"Unapologetic Theology: A Christian Voice in a Pluralistic Conversation" is the title of a book by my beloved theology professor and friend, the late William C. Placher. It is also now the title of this blog, a place where I hope to add a Christian voice -- God knows, not "the" Christian voice, but "a" Christian voice and not just any old voice, but a distinctly Christian voice -- to the pluralistic conversation going on about just about everything.
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Who Are You Wearing?
Who Are You Wearing?
A sermon preached the last Sunday of Epiphany (March 2, 2014)
The Rev. John Ohmer, Rector,
The Falls Church Episcopal
is a transition Sunday, with the season of Lent beginning this Wednesday, Ash
Wednesday and next Sunday being the first Sunday in Lent. Lent is a season that
can be a real gift from the church, because it invites us to use it as a season
of reflection, a season to step back and take a long loving honest look at ourselves.
is also the night of the Academy Awards, the night the Oscars are awarded, and
the reason I mention that is a question that is sometimes asked on the red
carpet as all those actors and actresses arrive. The question is “who are you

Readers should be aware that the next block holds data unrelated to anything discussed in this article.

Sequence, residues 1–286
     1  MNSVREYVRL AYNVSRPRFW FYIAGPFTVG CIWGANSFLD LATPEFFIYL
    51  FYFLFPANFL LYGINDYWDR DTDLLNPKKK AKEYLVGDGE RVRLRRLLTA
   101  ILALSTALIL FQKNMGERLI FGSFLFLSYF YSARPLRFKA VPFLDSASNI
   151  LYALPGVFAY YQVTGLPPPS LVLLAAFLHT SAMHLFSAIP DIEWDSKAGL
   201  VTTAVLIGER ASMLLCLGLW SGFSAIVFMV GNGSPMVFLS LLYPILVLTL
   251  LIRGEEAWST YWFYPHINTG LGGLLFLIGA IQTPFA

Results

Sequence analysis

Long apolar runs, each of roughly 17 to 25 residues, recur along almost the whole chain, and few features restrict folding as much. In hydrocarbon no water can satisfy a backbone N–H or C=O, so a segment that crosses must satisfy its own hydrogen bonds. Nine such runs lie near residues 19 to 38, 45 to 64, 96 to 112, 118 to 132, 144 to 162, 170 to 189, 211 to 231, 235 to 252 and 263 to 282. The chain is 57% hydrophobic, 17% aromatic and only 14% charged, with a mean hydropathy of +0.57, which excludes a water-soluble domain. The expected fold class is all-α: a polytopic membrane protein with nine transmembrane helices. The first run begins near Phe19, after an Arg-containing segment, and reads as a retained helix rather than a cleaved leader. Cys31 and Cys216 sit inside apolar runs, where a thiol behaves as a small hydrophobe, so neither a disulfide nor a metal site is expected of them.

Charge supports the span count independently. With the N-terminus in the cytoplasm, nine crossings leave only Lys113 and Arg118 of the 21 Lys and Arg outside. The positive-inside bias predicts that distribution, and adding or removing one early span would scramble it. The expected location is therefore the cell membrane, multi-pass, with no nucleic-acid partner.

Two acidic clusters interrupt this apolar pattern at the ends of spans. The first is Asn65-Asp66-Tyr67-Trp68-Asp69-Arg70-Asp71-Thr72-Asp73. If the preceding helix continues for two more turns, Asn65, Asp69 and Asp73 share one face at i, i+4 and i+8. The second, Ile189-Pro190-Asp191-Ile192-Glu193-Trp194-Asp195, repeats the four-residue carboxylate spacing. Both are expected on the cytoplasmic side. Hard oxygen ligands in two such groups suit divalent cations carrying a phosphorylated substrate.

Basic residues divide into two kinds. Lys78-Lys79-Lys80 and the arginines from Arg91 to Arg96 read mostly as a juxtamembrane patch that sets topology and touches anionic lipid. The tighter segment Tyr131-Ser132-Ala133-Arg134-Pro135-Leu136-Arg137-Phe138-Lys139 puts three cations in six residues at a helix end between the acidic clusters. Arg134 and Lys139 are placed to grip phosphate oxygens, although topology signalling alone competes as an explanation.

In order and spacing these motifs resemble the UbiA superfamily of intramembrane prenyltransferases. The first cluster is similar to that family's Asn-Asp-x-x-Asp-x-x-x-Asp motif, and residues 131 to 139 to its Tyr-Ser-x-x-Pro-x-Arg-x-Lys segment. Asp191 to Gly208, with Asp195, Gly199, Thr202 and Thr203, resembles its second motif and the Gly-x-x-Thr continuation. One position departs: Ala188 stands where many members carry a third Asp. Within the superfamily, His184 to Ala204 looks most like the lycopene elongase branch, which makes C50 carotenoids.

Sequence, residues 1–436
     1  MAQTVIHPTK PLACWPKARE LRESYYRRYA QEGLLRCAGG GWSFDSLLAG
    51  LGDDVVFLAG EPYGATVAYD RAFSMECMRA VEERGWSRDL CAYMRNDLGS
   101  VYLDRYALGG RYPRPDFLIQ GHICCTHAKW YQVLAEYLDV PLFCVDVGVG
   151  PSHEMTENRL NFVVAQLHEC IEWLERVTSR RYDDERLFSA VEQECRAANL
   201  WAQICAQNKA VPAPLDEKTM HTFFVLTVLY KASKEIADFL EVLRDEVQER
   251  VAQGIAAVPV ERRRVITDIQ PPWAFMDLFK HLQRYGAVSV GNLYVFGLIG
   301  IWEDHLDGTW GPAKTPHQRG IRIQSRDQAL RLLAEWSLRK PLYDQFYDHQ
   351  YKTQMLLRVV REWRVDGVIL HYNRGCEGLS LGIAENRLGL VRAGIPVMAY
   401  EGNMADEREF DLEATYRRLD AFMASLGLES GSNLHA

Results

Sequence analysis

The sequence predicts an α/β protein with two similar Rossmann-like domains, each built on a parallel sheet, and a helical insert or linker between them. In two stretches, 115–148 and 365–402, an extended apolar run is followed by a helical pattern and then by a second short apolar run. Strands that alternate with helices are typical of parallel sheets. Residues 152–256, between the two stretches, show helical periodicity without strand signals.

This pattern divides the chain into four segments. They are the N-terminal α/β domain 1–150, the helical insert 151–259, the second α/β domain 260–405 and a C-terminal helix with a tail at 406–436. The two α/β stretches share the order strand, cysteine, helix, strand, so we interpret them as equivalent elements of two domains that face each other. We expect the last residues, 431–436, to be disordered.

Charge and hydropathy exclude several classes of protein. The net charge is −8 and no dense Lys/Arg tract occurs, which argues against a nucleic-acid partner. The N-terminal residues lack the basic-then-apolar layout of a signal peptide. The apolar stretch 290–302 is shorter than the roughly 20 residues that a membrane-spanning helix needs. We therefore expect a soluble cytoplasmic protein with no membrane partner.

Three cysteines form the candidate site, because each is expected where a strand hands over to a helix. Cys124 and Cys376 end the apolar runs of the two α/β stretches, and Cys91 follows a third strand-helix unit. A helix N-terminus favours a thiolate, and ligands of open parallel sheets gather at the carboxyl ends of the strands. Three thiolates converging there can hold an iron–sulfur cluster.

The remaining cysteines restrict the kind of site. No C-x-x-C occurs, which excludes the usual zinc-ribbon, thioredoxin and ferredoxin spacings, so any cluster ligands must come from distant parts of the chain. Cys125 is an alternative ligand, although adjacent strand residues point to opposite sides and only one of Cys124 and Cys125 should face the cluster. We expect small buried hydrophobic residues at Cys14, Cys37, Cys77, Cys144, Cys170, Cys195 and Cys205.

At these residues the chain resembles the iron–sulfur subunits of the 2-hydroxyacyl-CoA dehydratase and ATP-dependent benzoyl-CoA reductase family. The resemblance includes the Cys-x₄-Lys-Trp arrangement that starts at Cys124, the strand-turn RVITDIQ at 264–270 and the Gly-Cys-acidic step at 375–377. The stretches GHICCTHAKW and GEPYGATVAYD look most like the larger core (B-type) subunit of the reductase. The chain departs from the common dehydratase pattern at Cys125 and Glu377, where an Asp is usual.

wearing?” Have you heard that question before? Who are you wearing.
it’s just that I’m a bit of an English grammar and vocabulary nerd (I love
language!), but I’m fascinated by that question. “Who are you wearing?” Not “what
are you wearing?” or “who’s your designer, who designed what you’re wearing?”
but who are you wearing?
about it: it’s an absurd question if you take it literally: You can’t really wear
a person. So what’s it saying? What is that question really asking?
it something like
– what famous designer -- did you choose to not only put on tonight, but by
putting them on, choose to identify with?”
famous designer are you choosing to clothe yourself with, identify with?”
(This is probably why I’m not invited to many Oscar watching parties. "John, you overthink
things. Just watch the showomg is that Kate Blanchett? Oh thank goodness
Matthew McConaughey put his weight back.”)
bear with me…if that is that is the question being asked, then what a great
Lent. For us.
famous(!) Designer are you choosing to clothe yourself with, identify with?”
today’s lesson, Jesus takes Peter, James, and John up a high mountain. Jesus’ When
Jesus and his disciples came down the mountain, they had not a new series of
laws or rules (symbolized by Moses) or a new prophetic inspiration (symbolized
by Elijah) but a person – and not
instructions on how to worship, but a person TO worship: Jesus.
message in Exodus was “love me by obeying these commandments.”
message in the Transfiguration was, “This is my Son, whom I love: listen to
in relationship with Jesus changes us. Changes the way we interpret the law and prophets.